Gabrielle Clark and her son, William Clark (a senior at Democracy Prep-Agassi campus) allege in their federal lawsuit that that the school violated William’s first amendment rights they “repeatedly compelling his speech involving intimate matters of race, gender, sexuality and religion” during a required civics class. The class is called ‘Sociology of Change’ and is mandatory for seniors.
“William Clark was compelled to participate in public professions of his racial, religious, sexual, and gender identities, and would be labeled as an “oppressor” on these bases,” reads the court filing.
William Clark is “generally regarded as [W]hite by his peers,” according to the complaint, and has “green eyes and blondish hair.”
“Defendants, who include a state funded and sponsored charter school, teachers and senior administrators, have deliberately created a hostile educational environment for Plaintiff William Clark, who, unlike his classmates appears to be and is regarded by his peers as white. Defendants thus discriminated on the basis of race and color, in addition to sex, gender and religion, in violation of Title VI and Title IX of the Education Amendments of 1972,” the complaint reads.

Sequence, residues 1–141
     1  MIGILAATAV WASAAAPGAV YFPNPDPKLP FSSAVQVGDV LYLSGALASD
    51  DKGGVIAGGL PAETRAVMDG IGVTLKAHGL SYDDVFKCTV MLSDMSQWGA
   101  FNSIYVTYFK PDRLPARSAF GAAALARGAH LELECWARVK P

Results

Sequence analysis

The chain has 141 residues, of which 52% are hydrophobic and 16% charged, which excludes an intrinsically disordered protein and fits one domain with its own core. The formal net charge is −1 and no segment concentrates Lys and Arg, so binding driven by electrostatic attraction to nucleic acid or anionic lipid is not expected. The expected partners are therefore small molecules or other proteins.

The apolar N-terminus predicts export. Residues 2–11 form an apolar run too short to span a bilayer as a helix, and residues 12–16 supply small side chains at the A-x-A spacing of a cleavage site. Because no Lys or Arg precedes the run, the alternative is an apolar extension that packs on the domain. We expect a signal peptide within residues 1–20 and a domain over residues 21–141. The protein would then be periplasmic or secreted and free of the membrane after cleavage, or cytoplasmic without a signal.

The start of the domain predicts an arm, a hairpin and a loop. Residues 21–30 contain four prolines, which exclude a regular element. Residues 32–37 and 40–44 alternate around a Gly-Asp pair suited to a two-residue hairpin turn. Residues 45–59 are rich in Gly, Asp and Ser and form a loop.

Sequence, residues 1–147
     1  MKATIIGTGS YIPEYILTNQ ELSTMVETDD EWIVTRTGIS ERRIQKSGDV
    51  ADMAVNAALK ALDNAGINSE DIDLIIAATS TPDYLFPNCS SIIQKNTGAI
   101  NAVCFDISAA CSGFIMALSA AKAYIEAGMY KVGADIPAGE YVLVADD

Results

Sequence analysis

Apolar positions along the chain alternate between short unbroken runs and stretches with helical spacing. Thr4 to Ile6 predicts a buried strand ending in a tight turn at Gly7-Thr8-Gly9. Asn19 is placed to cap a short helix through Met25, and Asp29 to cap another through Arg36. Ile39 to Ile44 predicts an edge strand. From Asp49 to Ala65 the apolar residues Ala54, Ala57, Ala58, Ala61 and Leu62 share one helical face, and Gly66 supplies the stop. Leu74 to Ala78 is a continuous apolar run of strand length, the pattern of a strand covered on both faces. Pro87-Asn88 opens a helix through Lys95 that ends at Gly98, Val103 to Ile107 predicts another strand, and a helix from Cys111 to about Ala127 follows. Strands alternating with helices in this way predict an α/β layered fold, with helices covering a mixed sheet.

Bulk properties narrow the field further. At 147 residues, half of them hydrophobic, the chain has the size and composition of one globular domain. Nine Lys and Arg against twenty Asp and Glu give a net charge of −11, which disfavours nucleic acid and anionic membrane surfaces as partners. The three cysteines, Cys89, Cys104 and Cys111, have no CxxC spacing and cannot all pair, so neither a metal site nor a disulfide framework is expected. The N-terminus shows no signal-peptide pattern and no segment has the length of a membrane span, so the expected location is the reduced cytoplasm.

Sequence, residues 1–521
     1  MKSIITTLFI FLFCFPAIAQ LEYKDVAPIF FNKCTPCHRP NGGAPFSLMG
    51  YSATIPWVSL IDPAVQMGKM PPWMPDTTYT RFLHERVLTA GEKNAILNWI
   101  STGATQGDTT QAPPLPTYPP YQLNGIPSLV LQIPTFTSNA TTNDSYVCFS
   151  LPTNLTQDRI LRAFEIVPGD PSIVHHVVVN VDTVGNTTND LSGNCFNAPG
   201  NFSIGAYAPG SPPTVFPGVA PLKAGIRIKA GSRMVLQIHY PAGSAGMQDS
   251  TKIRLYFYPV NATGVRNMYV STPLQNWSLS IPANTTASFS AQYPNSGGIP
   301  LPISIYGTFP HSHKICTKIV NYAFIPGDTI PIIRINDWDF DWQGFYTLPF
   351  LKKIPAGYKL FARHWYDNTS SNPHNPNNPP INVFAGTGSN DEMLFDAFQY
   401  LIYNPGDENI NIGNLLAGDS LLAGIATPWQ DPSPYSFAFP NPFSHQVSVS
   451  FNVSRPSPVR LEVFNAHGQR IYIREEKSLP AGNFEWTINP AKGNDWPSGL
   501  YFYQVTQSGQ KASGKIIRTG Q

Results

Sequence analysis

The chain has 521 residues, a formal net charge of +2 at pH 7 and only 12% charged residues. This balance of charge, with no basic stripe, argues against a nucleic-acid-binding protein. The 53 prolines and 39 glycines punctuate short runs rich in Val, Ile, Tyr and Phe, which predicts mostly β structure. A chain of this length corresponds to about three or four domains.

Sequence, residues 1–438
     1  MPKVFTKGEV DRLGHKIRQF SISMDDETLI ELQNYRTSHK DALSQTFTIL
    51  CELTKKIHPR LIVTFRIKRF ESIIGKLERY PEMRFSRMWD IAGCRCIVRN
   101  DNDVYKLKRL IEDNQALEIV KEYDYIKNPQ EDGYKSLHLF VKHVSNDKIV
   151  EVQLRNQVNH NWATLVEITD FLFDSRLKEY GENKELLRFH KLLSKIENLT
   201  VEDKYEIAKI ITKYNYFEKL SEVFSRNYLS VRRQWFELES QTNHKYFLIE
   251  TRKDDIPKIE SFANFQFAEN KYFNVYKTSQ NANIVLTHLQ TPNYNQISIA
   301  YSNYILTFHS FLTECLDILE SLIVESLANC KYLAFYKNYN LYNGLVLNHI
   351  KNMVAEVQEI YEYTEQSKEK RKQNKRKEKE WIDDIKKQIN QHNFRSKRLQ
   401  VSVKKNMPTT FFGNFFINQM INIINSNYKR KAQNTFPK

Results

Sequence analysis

According to the lawsuit, the critical race curriculum was launched without parental notification.
The teacher, Ms. Bass, shared her list of identities with her students. She lists being a woman, an agnostic and a working class teacher as “oppressive” statuses.
According to the Nevada Current,
The plaintiffs are asking for the court to enjoin the school from denying William a high school diploma and accommodate him with “an alternative non-discriminatory, non-confessional class.”
They also want the court to declare that requiring students to reveal racial, sexual, gender and religious identities in a public-school classroom and in graded assignments is unconstitutional.
Democracy Prep Adds Racial Confession to Graduation Requirements AEI, March 5, 2021
‘Hello, my wonderful social justice warriors’: School sued over critical race theory instruction Washington Times, January 10, 2021